Families of plane crash victims to receive $25K from Canada

Money to be used for immediate needs including travel and funeral arrangements

Canada will give $25,000 to family members of the Flight 752 plane crash victims to help with immediate needs like travel and funeral arrangements.

Prime Minister Justin Trudeau made the announcement in Ottawa on Friday.

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The money will go to family members who are either Canadian citizens or permanent residents.

A total of 176 people died in the crash. Of those, 138 were on their way to Canada, including 57 Canadian citizens and 29 permanent residents.

Eight people from the North Shore, including seven from North Vancouver and one from West Vancouver, were among those who died when the Iranian military shot the plane down with two missiles.

Trudeau said Friday Canada still expects Iran to compensate the families, but added Canada is acting now because those people need immediate help. “They can’t wait weeks,” he said. “They need support now.”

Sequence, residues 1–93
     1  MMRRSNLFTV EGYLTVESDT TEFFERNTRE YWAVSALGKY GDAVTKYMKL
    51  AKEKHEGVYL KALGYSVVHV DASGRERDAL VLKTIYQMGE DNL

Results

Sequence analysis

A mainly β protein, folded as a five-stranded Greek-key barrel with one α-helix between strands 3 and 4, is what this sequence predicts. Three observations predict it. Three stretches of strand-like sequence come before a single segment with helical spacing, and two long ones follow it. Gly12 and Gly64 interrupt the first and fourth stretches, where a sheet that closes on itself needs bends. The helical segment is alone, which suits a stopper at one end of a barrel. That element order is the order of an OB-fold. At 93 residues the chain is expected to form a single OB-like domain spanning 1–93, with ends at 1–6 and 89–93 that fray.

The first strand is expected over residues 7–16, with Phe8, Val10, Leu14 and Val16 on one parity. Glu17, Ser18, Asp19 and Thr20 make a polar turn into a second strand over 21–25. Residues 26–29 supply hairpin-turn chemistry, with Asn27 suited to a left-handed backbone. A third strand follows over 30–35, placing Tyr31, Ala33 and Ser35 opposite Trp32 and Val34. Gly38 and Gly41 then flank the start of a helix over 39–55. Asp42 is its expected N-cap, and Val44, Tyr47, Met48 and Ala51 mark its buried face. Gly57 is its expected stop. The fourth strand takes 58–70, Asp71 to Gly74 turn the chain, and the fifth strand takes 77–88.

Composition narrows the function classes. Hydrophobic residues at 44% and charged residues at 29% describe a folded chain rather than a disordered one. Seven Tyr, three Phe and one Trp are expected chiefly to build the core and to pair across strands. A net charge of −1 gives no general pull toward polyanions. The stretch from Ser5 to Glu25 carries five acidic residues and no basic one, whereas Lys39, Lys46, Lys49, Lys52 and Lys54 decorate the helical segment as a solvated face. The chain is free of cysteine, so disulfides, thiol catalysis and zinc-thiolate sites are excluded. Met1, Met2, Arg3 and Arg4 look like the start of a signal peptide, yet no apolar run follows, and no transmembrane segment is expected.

Canada has set up special consular assistance for families, is waiving fees for visas and travel documents, and is working to get those processed as quickly as possible, said Trudeau.

“We can issue visas to families in a matter of hours instead of weeks,” he said.

Trudeau said the government came up with the $25,000 figure after speaking directly to the families.

Trudeau compensation announce
Prime Minister Justin Trudeau announced financial help for families of the plane crash victims at a press conference in Ottawa Friday. image CPAC

Trudeau met with local families of the plane crash victims earlier this week in Vancouver.

Trudeau said the whole country was stunned by news the plane was mistakenly shot down by Iran and is pushing for a thorough international investigation into the crash.

Despite recent arrests of those allegedly responsible for launching the missile strikes, Trudeau said Canada still has questions about the system in place that gave those people the authority to order the strikes.

“We’re not satisfied with how things are now,” he said. “We have a great deal of questions still.”

On Tuesday, more than 400 people turned out for a candlelight vigil in North Vancouver honouring those who died.


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